Technology has changed the way we practice law, but not necessarily the end product of our efforts. We still spend most of our time producing a paper product for consumption by our clients, the courts, and others. But how we produce that product has undergone a revolution in the last 50 years.
In 1954, there were no computers in law offices, and few lawyers typed. Instead, we dictated letters and other documents to our secretaries, who took it down in shorthand and then typed it on manual or electric typewriters. Eventually, those “dumb” typewriters gave way to memory typewriters with magnetic card storage or dedicated word processing machines with large 8-inch floppy disks in the late 1970’s. By the mid-1980’s, some firms were beginning to dabble in the first personal computers from IBM (the PC and XT) or even Radio Shack (the TRS-80 series).
Electronic dictation equipment began to appear in the early 1950’s. Dictaphone offered a “Travel-Master” Dictabelt recorder that ran on rechargeable batteries in the early 1950s, and Soundscriber also made a battery operated vinyl disk recorder. But the really successful products used magnetic tape.
Having recovered their consumer electronics manufacturing capability in the 1950s, German, English, and Scandinavian firms entered the U.S. market with low cost office recorders using magnetic tape. While most of them lacked the features of the traditional equipment, they appealed to many smaller offices where there was no need for typing pools and standardization of equipment.
The miniature, portable recorder also continued to evolve, and an important development was the standardization of the recording medium. The Philips company of the Netherlands, which already had a line of dictation equipment, also introduced a “general purpose” tape cartridge in 1962 called the Compact Cassette. It was not intended to compete with their dictation equipment, but many manufacturers of dictation machines adopted it. What no one expected is that the Compact Cassette would, by the late 1960’s, have a huge impact on the music industry when Advent released the first true high fidelity cassette recorder/player.
Japanese companies were particularly aggressive in adopting the Philips cassette standard and its successor, the micro cassette, as the basis of miniature business recorders. A Dictaphone ad from the 1970s pictured the shrinking of portable dictation devices and the continuing “executive dictating on the go” theme touted by manufacturers. As was typically of advertising in that era, all of the users in the ads were men.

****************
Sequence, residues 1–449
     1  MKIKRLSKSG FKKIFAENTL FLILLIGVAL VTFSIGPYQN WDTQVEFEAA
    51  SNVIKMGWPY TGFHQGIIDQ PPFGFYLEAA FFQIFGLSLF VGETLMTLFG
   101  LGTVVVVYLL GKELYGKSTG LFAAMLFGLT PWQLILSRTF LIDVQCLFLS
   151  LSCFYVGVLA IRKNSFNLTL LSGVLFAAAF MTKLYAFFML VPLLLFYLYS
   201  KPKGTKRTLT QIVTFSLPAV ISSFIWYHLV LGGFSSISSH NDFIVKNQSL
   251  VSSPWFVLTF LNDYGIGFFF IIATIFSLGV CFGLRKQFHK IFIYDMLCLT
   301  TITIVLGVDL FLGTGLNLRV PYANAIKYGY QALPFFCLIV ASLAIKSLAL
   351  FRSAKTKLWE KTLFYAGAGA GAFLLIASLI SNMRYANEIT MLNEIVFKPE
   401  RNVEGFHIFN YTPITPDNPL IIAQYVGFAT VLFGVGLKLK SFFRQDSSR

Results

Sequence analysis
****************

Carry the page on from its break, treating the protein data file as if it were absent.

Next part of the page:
When computers became more available, reliable, and affordable through the 1990’s, many predicted that voice recognition would replace traditional dictation and typing. I began using Dragon’s first speech program, called Dragon Dictate, in the early 1990’s. It was a “discrete speech” engine that required a short but very unnatural pause after each word. By the late 1990’s, Dragon and others developed “natural speech” engines that work best if you spoke in natural flowing phrases. Until recently, inadequate computer hardware prevented voice recognition from replacing all typing, but the technology has matured to a point where most newer computers equipped with enough RAM (memory) and a USB microphone can do a very accurate job of turning the spoken work into a Word or WordPerfect document. I have dictated entire appellate briefs using Dragon Naturally Speaking.
Of the leading dictation machine manufacturers of the past, only Dictaphone remains. Dictaphone was acquired by Pitney Bowes in 1979, but spun off a few years ago. The desktop dictation machine has virtually disappeared. Those few who still prefer dictation are rapidly switching to digital dictation systems. There are some exceptionally useful and affordable products for small law firms from companies like Olympus and Sony. The recorders are portable, and if used in a sufficiently quiet environment (not a moving car) can produce recordings or sufficient quality to be used with speech recognition software to automatically created editable word processing documents. The process can be automated to the point that simply plugging the recorder into the USB port on a computer can automatically download the dictation file, open the software, and have the words appear magically on screen.
For those lawyers who don’t want to deal with speech recognition software on their own computers, there are digital dictation foot pedals that connect to a secretary’s or legal assistant’s computer via USB or serial port that work like traditional tape based pedals. A digital audio file has many advantages over tape, including easy storage and portability. A lawyer on vacation or out of town on business can dictate into a handheld digital recorder, automatically transfer the dictation to a computer, and instantly email the audio file containing the dictation to his or her secretary hundreds or thousands of miles away. The document is then typed and returned by email to the lawyer for final proofing and editing. The edited version can sent by return email back to the office to be printed and mailed. There are solo and small firm lawyers using this technology every day.
The lesson is that we don’t have to do things the old way if there is a new way that will make us more efficient. The digital dictation revolution is one of those new ways.
I am looking for a battery operated transcriber. I take the machine to meetings and need a conference level microphone along with foot pedal. I can not always find a plug in these conference rooms. Can you please recommend a transcriber with batteries and also uses the larger cassette Thank you – Ms. Cornman
This is a great article. But our firm still uses the desk top transcriber and we need a QUIET footpedal. Ours makes loud clicks whenever you use it going forward or back. Do you have any suggestions?